Let’s face it, you probably live and breath using Adobe products for your designs. And there are sometimes extra tips or tricks you wish you had up your sleeve to help make your work go smoother. To point out things you may have missed, Adobe will share monthly tips with us meant to help make your day a bit better. This month, find some great tips from Rufus Deuchler (who pulls from his 20+ years of experience) about Adobe Illustrator, fonts and Adobe Muse.
Adobe Creative Cloud is all about having all the tools you need to unleash your creativity and about rapid innovation. Call me biased, but as a designer, I simply love what Creative Cloud is providing me with on a regular basis. Here are 3 cool things you may have missed.
Changing perspectives in Adobe Illustrator
In Illustrator you can use the Perspective Grid to draw or place objects in one, two or three point perspectives. This is very helpful to achieve something like the dice below, or far more complex artwork.
Under View > Perspective Grid choose “Lock Station Point”, and you can move the vanishing points to get the exact result you’re looking for; the graphics will re-render to match the new perspective. In the past, you had to start over if the perspective was off. But, this was part of the many January Creative Cloud updates and is a great example of how rapid development benefits all of us.
Fonts, fonts, fonts
As a designer, one of the Creative Cloud features that really makes me tick is the ability to access hundreds of Typekit fonts for use on my desktop at no extra cost, all part of your membership.
The new “Add Fonts from Typekit” button in InDesign and Illustrator CC make it very easy to discover and add the fonts you need for your projects. Your Adobe ID is carried over, so you are automatically signed into Typekit, and there you’ll be able to browse and search a growing library of desktop fonts. Simply click on “+ Use Fonts” and seconds later that font will be available on your desktop, just as any other font already residing on your computer.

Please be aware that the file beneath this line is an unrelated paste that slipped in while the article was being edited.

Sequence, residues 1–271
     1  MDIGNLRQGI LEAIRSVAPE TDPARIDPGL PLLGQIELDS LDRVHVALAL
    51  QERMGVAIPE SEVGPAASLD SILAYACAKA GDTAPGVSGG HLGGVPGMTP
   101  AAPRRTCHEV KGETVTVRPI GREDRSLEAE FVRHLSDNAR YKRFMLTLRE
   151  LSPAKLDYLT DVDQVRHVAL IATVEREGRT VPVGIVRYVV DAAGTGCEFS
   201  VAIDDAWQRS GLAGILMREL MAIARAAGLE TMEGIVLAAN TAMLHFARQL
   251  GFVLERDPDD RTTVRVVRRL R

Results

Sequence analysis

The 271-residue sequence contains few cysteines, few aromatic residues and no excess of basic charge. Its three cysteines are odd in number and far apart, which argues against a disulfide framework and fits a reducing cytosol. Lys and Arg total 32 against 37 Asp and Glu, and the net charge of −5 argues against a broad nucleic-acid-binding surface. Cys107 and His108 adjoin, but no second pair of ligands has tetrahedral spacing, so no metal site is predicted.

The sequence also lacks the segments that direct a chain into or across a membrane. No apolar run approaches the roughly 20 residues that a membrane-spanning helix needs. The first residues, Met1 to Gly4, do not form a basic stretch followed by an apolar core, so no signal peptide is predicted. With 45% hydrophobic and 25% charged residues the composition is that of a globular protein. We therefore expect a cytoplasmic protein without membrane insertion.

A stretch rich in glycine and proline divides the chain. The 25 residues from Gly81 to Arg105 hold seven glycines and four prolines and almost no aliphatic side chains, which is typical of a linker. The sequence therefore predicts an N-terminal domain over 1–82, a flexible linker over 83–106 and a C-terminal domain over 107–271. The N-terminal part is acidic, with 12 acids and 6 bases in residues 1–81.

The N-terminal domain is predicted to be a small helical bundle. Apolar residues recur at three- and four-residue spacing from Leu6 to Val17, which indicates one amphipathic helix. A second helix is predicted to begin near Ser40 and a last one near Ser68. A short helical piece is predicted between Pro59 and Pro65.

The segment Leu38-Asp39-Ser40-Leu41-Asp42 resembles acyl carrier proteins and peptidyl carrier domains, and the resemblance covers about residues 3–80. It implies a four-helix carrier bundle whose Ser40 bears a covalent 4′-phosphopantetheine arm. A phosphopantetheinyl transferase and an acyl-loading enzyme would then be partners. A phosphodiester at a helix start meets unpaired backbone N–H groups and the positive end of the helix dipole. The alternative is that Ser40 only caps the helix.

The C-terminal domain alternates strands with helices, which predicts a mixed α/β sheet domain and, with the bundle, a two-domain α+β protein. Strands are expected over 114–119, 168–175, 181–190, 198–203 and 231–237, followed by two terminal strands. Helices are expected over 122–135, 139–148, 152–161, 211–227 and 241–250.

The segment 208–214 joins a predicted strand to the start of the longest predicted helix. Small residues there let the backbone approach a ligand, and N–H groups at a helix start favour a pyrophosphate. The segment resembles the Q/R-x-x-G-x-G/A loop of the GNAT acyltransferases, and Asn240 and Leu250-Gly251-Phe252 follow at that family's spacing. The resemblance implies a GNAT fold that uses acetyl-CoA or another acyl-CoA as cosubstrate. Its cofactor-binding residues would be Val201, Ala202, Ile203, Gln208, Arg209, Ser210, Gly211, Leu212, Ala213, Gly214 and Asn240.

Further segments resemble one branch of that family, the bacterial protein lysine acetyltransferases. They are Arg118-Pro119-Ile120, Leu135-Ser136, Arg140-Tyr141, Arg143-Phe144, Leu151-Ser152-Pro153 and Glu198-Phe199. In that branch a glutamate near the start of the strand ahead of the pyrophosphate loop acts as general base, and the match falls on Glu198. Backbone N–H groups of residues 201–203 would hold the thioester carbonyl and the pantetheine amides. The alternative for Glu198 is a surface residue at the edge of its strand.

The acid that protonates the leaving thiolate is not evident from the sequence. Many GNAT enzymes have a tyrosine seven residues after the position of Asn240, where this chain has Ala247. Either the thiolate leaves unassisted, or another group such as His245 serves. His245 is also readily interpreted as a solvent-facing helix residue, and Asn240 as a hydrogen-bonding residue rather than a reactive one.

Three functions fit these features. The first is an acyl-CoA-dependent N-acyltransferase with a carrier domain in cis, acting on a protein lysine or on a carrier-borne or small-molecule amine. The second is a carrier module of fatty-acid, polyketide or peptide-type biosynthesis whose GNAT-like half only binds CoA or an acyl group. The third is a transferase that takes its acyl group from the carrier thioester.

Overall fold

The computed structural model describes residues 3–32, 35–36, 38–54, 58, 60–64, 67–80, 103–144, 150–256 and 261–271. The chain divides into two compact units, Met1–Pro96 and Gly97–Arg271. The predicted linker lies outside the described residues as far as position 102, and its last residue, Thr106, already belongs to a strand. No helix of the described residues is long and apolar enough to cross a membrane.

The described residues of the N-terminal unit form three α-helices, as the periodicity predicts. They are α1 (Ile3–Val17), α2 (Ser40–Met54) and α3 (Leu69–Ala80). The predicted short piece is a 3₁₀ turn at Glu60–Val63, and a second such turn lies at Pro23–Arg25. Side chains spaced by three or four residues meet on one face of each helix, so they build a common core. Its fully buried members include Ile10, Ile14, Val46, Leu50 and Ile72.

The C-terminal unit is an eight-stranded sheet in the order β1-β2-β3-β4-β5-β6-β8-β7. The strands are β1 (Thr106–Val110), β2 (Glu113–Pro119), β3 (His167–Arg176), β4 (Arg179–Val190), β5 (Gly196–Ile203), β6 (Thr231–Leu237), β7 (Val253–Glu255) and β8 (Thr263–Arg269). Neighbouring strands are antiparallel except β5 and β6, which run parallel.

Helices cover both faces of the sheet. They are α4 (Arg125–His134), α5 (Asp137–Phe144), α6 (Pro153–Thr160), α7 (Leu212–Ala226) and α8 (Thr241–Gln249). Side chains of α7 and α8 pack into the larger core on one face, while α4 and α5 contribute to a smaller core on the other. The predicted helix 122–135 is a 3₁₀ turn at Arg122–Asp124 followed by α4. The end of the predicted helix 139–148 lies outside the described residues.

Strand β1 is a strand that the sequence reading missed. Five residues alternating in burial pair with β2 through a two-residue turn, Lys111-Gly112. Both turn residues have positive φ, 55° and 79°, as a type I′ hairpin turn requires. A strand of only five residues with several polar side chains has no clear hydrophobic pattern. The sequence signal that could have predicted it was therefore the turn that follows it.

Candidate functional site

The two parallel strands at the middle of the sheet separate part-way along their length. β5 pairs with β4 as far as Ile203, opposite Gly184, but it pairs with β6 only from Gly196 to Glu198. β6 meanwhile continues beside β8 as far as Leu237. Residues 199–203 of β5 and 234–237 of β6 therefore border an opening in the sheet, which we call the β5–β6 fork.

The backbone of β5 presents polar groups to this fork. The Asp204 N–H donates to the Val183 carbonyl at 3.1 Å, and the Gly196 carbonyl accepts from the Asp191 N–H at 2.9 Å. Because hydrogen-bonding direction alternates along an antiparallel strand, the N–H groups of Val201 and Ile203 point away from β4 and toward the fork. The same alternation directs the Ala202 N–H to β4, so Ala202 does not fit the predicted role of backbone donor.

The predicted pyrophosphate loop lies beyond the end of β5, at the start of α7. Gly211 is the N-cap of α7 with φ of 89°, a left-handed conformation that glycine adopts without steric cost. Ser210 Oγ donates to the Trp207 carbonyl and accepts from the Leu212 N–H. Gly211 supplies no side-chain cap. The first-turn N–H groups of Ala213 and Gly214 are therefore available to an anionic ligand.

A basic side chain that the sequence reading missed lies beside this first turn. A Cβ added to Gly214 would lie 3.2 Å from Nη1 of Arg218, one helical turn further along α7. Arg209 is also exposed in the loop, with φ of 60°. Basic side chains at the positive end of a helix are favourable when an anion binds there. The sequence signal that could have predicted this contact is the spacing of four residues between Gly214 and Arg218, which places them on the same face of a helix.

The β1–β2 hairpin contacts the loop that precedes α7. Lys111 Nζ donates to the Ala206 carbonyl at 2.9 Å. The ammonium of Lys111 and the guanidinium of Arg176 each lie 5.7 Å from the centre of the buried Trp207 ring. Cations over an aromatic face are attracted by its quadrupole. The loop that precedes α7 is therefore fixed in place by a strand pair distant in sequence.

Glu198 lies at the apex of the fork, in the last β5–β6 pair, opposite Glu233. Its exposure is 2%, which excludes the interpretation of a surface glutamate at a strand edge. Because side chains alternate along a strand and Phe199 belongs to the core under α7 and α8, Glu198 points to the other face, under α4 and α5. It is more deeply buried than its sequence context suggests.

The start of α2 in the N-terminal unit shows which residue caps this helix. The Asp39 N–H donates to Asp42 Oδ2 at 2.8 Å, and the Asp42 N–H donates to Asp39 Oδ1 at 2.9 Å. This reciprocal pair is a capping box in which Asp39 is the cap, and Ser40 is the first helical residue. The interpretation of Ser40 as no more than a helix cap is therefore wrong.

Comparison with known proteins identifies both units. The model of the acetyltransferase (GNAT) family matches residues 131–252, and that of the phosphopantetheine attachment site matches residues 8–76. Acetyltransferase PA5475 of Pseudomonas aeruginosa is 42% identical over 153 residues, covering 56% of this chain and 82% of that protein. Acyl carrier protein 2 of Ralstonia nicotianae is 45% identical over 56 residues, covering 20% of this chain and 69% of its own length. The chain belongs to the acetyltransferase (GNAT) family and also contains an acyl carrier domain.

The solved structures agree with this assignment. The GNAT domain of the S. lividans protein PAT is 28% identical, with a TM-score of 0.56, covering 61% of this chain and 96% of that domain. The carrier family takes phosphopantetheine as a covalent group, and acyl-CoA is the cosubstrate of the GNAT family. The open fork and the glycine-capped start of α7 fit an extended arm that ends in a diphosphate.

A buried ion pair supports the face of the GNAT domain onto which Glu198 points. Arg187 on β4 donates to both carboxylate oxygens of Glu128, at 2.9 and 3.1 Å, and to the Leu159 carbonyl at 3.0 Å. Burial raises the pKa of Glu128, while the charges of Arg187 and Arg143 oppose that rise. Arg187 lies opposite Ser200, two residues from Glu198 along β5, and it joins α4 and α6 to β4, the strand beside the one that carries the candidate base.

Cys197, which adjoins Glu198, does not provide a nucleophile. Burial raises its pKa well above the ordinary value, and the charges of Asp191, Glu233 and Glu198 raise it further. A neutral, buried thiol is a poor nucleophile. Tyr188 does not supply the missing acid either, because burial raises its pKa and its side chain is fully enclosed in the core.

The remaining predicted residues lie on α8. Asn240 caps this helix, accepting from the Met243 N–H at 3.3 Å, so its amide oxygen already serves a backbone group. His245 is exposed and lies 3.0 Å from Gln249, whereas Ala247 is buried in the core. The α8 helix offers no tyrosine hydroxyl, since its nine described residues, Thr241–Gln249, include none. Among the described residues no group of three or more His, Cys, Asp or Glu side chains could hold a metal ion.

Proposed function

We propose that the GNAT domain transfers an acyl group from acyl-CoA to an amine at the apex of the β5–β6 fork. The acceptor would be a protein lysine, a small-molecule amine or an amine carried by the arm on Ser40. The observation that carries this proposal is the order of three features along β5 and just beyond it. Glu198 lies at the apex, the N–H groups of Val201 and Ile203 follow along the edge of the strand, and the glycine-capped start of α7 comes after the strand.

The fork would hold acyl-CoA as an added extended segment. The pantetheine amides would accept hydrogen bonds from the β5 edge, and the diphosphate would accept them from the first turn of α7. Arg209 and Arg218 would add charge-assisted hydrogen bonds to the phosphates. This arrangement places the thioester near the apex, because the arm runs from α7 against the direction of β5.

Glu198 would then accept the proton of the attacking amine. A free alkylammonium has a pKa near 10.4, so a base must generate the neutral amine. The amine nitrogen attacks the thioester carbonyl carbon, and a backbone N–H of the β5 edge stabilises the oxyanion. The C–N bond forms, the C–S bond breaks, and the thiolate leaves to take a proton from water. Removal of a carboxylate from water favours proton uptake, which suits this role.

Plus, we’ve made it super easy to view just your Typekit fonts in your very long font list: simply press the “Apply Typekit Filter” button. Make sure to also browse the great lists that Typekit has prepared, check out the foundries, of visit the galleries for inspiration. There is so much to see and learn about over at Typekit.
Extending Adobe Muse
Adobe Muse has quickly become one of my favorite applications in the Creative Cloud. The promise of being able to create websites quickly, stylishly, and without writing code has definitely been maintained by the team. Muse is another great example of how continuous innovation at Adobe benefits users, one release after the other. Great stuff coming all the time.
One of the cool things in Muse are the Widgets, which are basically pre-baked elements that you can place and modify to your needs and/or designs. In the November release, we’ve made it possible for any users to create Widgets that can be added to your personal Library in Muse. It’s as simple as opening the new Library panel in Muse, click on “Adobe Muse Exchange”, explore and find the widgets you could use and click “Download Item”.
Back in Muse, in the Library Panel, click the “Import Muse Library” button, and import your newly downloaded widget. By the way, if you happen to create your own widgets and are willing to share, please feel free to submit them to us.
If you want to learn more about the features mentioned above and many more, head over to Adobe. There you’ll find a treasure trove of tips and tutorials to get you going. Stay tuned for more tips.
Learn even more about Adobe Creative Cloud and hear Rufus’ insights with his Everything You Need to Know About Adobe Creative Cloud session from HOW Design Live. Plus, learn start creating your own apps with the Adobe Digital Publishing Suite Premium Collection.